By Gino Blefari
My thoughts this week are less thoughts than they are a written tribute to someone I’ve forever admired and respected as a titan in the sports-reporting industry, a kind-hearted man who famously prized family above fortune and still rose to the status of a cherished icon in his field. If you haven’t guessed, I’m speaking of renowned sports commentator Stuart Scott, who tragically passed away several days ago at the age of 49, leaving behind a legacy of compassion and strength, and a message any leader can learn from: Even when faced with an opponent as merciless as cancer, there’s always an opportunity to fight.
In a touching speech delivered at the 2014 ESPY Awards ceremony, Stuart eulogized his own life, acknowledging his then 7-year-long battle against a rare form of cancer while also refusing to succumb to its malice. “When you die it does not mean that you lose to cancer,” he explained as he accepted the Jimmy V Award—named after the late basketball coach Jimmy Valvano—for sports broadcasting excellence. “You beat cancer by how you live, why you live, and in the manner in which you live.” Later Stuart added, “Our life’s journey is really about the people that touch us.”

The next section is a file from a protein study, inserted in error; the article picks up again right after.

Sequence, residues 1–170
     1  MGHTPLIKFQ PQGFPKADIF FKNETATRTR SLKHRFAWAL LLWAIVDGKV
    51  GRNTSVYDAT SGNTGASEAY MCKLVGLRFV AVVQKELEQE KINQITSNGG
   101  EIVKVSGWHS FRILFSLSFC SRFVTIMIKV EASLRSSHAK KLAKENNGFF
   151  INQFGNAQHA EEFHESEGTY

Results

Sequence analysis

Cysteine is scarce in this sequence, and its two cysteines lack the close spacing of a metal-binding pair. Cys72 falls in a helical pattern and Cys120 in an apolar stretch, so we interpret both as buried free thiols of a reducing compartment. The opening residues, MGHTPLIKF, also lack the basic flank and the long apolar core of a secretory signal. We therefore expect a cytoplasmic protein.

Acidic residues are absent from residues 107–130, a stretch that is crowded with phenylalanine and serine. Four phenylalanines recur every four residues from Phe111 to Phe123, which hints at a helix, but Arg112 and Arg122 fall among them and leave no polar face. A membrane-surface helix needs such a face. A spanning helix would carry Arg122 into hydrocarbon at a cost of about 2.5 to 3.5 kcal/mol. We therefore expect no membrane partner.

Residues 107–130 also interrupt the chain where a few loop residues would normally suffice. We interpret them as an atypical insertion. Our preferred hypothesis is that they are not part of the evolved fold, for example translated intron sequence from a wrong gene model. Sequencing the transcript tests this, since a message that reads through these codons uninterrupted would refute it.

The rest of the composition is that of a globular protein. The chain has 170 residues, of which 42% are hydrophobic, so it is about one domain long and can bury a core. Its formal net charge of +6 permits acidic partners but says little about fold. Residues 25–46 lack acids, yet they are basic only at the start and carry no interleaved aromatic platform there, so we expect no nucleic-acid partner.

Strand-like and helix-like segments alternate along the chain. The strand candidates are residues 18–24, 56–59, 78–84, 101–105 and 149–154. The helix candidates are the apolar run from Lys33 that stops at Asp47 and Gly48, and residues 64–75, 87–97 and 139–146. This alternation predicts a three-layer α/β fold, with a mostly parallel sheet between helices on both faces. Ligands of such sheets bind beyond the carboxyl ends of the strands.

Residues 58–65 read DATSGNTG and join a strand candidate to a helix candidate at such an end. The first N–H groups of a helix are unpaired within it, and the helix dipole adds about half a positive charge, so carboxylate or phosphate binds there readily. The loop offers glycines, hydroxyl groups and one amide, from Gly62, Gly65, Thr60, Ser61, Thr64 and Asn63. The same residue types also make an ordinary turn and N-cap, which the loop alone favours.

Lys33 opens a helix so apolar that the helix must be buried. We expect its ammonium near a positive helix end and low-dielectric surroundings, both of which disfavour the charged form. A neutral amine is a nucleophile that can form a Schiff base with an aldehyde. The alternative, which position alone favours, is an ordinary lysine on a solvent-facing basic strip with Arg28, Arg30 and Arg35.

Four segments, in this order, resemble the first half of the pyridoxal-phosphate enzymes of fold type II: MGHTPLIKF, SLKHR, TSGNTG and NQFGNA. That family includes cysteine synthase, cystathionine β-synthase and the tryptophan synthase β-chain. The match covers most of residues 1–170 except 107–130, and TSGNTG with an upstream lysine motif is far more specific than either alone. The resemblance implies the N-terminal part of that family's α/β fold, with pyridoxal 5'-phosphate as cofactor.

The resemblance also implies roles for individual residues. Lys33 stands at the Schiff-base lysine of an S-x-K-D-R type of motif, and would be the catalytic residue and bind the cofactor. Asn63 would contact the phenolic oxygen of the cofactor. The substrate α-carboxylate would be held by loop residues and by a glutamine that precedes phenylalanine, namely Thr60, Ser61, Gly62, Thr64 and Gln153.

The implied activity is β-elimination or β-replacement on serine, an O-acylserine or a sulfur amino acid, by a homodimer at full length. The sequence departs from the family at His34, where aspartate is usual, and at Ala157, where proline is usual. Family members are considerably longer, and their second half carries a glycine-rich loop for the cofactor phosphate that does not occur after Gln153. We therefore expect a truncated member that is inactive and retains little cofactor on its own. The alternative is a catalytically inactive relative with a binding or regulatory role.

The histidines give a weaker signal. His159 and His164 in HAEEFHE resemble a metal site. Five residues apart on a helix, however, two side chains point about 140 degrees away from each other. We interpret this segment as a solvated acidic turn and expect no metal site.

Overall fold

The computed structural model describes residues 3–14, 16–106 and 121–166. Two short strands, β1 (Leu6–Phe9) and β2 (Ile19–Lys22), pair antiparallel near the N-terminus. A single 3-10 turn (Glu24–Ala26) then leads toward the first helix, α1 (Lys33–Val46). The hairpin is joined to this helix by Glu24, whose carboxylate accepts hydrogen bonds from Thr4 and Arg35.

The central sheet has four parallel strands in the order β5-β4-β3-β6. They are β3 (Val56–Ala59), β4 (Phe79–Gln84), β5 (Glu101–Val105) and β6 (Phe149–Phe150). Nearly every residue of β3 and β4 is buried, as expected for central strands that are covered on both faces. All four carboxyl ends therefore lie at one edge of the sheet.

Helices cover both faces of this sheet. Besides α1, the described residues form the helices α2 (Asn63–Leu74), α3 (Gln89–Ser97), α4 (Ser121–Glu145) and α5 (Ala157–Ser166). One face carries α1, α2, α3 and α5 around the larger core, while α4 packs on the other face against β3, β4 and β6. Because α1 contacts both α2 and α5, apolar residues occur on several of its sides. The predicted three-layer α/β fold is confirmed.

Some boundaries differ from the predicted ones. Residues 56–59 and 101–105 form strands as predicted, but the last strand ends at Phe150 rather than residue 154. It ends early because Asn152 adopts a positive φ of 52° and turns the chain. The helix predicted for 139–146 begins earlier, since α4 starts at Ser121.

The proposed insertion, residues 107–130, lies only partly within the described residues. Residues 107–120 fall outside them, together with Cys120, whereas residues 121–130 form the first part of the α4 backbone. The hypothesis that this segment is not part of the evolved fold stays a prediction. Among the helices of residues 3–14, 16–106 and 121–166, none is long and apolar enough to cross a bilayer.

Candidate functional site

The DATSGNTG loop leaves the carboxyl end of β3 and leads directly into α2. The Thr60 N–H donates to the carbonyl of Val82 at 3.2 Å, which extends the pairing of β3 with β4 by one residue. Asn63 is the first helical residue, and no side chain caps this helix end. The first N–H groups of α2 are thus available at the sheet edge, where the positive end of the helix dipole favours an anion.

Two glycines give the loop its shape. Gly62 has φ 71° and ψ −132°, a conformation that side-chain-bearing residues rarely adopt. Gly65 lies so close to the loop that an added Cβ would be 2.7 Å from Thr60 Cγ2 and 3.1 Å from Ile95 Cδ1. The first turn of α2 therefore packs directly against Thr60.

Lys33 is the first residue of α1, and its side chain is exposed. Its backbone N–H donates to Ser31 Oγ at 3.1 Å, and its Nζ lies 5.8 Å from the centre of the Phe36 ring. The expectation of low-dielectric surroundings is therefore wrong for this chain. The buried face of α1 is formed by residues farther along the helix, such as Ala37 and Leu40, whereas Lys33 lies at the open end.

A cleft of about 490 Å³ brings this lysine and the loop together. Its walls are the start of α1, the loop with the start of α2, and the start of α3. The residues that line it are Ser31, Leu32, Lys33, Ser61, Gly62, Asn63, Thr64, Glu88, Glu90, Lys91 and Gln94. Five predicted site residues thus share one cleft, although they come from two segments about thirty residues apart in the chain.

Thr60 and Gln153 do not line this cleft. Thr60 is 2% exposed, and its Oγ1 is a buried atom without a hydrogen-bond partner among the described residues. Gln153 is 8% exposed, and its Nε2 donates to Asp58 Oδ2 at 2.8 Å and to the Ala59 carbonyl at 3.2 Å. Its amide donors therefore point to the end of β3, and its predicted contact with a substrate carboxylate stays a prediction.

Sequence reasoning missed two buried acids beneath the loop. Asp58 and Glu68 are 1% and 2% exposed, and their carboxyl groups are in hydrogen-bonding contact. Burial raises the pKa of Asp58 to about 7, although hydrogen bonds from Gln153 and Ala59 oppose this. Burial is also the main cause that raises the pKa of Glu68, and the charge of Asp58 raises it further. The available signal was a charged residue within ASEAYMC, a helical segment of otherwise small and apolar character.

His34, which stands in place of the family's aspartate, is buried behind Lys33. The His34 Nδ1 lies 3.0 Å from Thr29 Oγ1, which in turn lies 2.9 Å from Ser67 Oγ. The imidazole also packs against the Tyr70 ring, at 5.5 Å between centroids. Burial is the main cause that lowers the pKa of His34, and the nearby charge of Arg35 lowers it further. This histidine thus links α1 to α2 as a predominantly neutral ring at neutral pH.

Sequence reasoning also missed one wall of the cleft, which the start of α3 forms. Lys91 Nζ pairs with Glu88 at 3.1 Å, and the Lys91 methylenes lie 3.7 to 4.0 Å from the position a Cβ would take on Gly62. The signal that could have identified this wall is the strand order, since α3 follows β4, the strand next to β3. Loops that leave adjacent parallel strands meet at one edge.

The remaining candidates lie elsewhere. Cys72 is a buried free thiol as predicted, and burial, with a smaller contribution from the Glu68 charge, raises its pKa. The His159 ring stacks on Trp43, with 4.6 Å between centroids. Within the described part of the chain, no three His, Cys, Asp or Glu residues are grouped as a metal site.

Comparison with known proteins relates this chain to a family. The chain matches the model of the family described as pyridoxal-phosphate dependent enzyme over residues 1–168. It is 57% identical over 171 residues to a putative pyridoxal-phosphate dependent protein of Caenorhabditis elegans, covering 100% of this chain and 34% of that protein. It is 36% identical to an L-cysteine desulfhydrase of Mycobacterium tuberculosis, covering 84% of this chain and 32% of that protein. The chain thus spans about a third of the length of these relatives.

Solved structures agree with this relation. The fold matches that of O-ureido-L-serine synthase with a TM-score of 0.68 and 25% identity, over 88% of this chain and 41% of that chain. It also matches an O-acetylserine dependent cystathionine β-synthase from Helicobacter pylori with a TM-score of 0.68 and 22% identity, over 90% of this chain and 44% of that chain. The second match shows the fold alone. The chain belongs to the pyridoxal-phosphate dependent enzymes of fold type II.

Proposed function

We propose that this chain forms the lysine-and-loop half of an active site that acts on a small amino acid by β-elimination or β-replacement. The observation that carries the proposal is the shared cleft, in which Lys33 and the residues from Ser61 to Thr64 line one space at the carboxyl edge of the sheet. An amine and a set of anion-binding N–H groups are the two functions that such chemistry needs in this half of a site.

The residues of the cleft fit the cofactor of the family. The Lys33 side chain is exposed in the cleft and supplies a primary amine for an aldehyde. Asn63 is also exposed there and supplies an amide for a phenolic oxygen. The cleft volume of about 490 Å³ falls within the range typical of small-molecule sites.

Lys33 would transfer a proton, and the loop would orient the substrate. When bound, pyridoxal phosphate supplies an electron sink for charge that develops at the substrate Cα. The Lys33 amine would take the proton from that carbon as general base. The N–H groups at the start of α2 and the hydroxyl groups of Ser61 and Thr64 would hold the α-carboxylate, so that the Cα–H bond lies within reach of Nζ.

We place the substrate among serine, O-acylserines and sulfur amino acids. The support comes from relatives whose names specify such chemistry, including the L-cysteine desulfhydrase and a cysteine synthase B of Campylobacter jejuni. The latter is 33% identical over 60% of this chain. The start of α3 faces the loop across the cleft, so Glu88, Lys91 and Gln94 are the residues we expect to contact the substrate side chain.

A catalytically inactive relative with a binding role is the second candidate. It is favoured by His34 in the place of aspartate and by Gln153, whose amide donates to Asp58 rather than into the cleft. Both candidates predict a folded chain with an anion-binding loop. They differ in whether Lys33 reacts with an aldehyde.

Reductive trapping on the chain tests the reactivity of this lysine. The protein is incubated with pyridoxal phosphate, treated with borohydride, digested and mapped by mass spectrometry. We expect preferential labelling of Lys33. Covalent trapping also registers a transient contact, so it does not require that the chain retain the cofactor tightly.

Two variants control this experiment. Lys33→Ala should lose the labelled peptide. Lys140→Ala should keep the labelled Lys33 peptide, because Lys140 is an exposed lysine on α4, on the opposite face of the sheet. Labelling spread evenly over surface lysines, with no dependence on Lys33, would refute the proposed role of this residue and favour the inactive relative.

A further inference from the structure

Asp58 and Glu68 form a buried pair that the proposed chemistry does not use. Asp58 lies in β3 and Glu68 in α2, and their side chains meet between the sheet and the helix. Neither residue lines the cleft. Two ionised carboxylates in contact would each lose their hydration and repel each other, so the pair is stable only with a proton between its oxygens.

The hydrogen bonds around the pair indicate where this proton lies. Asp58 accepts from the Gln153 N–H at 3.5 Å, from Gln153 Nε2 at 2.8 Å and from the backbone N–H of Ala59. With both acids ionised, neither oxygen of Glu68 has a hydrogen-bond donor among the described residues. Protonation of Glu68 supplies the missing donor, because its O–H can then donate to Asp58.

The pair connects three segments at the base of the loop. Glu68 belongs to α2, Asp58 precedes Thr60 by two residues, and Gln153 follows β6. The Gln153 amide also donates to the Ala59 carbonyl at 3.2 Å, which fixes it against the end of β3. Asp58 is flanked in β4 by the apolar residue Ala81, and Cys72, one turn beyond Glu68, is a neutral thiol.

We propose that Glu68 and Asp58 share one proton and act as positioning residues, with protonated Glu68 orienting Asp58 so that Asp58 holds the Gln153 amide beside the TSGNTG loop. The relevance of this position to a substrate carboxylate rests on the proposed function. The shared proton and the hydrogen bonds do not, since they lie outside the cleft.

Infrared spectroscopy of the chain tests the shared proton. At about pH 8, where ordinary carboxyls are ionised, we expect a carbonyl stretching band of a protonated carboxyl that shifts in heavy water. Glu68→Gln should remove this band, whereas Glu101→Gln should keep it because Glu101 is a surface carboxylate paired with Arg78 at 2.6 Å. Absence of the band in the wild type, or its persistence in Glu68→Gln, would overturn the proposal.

Well, touché, Mr. Scott.
I’ll count myself among those touched by Stuart’s sentiments, an avid sports fan who remembers Stuart’s impassioned “boo-ya!”s and near-lyrical descriptions of three-point shots and touchdowns. I also remember the infectious joy he brought to countless rivalry showdowns and playoff games, possessing a passion for all sports that nearly bubbled across my television screen. And even as he fought his disease, this joy never waned, making him the epitome of a true leader, a brave, valiant and confident fighter, and a sportscasting soldier who battled for victory until the bitter end.
So, what’s the message?
I’ll let Mr. Scott tell you in his words, once delivered on the ESPYs stage this past July, as he stood tall against the podium, inspiring millions of leaders listening to his every word. They watched this beloved longtime commentator, as they had done so many times before, a man facing death yet still able to speak with dignity and pride.
“Fighting is winning,” he said. “Every day, I fight.”